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What is Metglas?

show answer » Metglas is an amorphopus metal, Amorphous metals do not have crystalline structure like other magnetic materials. All the atoms in an amorphous metal are randomly arranged, thus giving it a higher resistivity (about three times) value than that for crystalline counterparts. Amorphous alloys are prepared by cooling the melt at about million degrees per second. This fast cooling does not give the atoms enough time to rearrange into stable crystalline form. As a result one gets metastable amorphous structure. Because of the absence of crystalline structure amorphous alloys are magnetically soft (lower coercivity, lower core loss, higher permeability,...). High resistivity gives lower loss at higher frequencies. The losses are among the lowest of any known magnetic materials.

Where is Metglas manufactured?

show answer » Metglas ribbon and pulse cores are manufactured in the Conway, SC, USA facility.

Where would one locate technical and or purchasing information related to Metglas cores?

show answer »

As of March 26 2011 Metglas' parent company, Hitachi Metals America Ltd has assumed responsibility for sales and support of the C-Core and EC-Core product lines.
These products include:
AMCC Cut Cores
Mag Amp Cores
Microlite Cores
Magna Perm Cores
Power Factor Correction Cores
Sensing Cores
Laminated Magnetic Cores

All products remain unchanged only the order routing has been modified.
Correspondence Address for Inquiries:

Hitachi Metals America Ltd.
2101 S. Arlington Heights Road Suite 116
Arlington Heights IL 60005
Phone: 847-364-7200 (Main/General)

What are the sizes and shapes of the Metglas products?

show answer » Metglas products are cast in ribbon form. Width and thickness of the ribbons are alloy dependent ranging from .65 mils (16 microns) to 3 mils (75 microns) in thickness and a maximum width of 8.4 inches (215 mm). The material is flexible (the edges are sharp), it can be wound, punched, stamped, laser etched, EDM'd, stacked and laminated or slit.

More information on Magnetic Materials

More information on Brazing Filler Metals

Is the Metglas product available in rod, plate or bar form?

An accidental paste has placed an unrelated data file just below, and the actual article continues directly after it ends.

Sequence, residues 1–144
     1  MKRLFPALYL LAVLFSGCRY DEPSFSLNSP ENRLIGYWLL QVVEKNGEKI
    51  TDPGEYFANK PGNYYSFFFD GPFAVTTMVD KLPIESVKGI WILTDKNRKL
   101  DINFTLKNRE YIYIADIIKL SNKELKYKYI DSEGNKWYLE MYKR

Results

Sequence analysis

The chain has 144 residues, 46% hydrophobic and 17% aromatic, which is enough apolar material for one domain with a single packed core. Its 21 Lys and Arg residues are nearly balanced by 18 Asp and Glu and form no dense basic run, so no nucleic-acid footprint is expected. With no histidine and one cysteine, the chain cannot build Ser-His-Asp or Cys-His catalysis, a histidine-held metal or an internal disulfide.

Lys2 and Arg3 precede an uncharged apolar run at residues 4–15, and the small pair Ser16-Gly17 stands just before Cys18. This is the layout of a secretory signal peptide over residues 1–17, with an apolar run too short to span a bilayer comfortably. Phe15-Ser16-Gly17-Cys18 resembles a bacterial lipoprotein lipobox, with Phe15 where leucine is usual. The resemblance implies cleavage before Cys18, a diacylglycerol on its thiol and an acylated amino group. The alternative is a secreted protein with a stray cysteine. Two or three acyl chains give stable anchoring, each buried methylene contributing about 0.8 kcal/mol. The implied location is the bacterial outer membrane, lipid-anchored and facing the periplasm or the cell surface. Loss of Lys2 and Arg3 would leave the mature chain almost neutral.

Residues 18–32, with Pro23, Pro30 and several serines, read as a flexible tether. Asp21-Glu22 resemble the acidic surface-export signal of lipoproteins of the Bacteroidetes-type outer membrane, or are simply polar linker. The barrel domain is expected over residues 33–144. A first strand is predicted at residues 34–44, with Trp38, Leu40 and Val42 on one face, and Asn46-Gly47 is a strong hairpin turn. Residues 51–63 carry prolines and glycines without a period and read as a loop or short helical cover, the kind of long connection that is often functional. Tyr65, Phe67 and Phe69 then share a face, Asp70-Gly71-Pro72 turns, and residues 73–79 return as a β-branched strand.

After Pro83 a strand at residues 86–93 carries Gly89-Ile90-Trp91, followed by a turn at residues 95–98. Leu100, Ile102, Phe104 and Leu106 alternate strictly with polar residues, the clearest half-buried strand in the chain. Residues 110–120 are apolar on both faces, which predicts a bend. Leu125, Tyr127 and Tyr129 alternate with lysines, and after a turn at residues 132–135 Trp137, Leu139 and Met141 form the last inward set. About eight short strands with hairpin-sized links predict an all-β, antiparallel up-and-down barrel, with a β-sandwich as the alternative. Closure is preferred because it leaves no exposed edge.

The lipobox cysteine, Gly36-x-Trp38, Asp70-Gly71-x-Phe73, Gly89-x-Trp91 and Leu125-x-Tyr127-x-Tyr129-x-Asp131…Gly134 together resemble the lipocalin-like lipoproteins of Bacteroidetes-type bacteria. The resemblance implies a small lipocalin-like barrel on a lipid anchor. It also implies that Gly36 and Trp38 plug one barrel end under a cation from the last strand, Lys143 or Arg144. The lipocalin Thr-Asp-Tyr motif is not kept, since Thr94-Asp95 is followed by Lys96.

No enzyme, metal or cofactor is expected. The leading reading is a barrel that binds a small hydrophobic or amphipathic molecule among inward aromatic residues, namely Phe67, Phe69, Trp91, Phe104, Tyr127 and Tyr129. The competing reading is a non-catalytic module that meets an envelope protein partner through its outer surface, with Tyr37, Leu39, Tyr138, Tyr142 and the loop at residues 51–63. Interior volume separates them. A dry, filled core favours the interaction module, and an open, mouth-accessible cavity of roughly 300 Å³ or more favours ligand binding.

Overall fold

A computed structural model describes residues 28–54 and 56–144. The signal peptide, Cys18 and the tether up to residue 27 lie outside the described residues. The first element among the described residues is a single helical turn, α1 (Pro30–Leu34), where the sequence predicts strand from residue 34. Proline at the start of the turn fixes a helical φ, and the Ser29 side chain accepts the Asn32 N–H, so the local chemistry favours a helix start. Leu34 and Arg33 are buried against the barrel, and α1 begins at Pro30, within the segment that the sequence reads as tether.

show answer » To make Metglas Amorphous Metal Ribbon, the rapid solidification ( cooling ) of the ribbon is key to the creation of the unique magnetic properties. It would be impossible to create anything other than ribbon form with the same magnetic benefits as our ribbon.

The ribbon can be stacked and laminated to create forms or bars. and further custom shaping processes can assist you in attaining the desired shapes that you may be seeking

Can I get a micrographs of metallic glasses?

show answer » We are unable to offer you a micrograph of a metallic glass alloy. Such photos are, in fact, rare. The reason is that metallic glass alloys have amorphous, or non-crystalline, atomic structures. This is in contrast to the perfectly ordered, crystalline atomic structure in traditional metals. As a result, metallic glass alloys are void of microstructure in the traditional metallurgical sense. The micrograph of a metallic glass is a plain, featureless image. Hence, they are rarely recorded. The reasons for the featureless metallurgical structure are as follows.

Micrographs of crystalline alloys generally exhibit three distinct features. The most prominent of these features is the grain boundary, where one region of perfectly ordered atoms meets, but is not perfectly aligned with, another region of perfectly ordered atoms. The grain boundary, which is situated at the interface of the two perfectly ordered regions, is the result of the mismatch. Metallic glasses have no crystalline structure. Hence, there are no mismatched interfaces and no grain boundaries.

A second feature of traditional metallurgical structures is the contrast between the primary and secondary phases, that is, between regions with different chemistries and/or structures. Metallic glasses are single phase, solid solutions. Hence, there are no secondary phases.

A third feature that may be present in traditional microstructures is a crystal defect such as a twin or a dislocation. With no crystalline structure, the metallic glass do not possess such defects.

Can you please explain pack factor?

show answer » Pack factor is the percent volume (or fraction) occupied by the magnetic material in the core. Thicker laminations exhibit higher pack factor. Our material, with max thickness of 25 um, exhibits a pack factor in the range of 82~88%. The pack factor is also proportional to the width of ribbon. Wider strips exhibit lower pack factor relative to narrow strips. C and E cores are manufactured from narrow strips hence the core pack factor may be >84%.

Why should I buy Metglas vs. Ferite Cores?

show answer » METGLAS alloys can be annealed to obtain square, round or completely sheared BH loops. This is not the case with ferrites. Amorphous alloys can give linear, sheared BH loops which are useful in current measuring devices. Many of the amorphous alloys have higher saturation induction and Curie temperatures. Higher saturation induction translates into smaller core. Higher Curie temp makes it possible to use the amorphous cores at higher operating temperatures.

How many years have Metglas products been provided commercially?

show answer » Metglas products originated in Morristown, NJ, USA in 1972. They were produced for some time in Parsipany, NJ, USA and since 1989, in Conway, SC, USA.

How long does it take to produce custom parts?

show answer » Customer core designs depend on on specifications provided. For customer designs please enter a sample or technical request with as much detail about the operating parameters of you design as possible. A Metglas representative will contact you.

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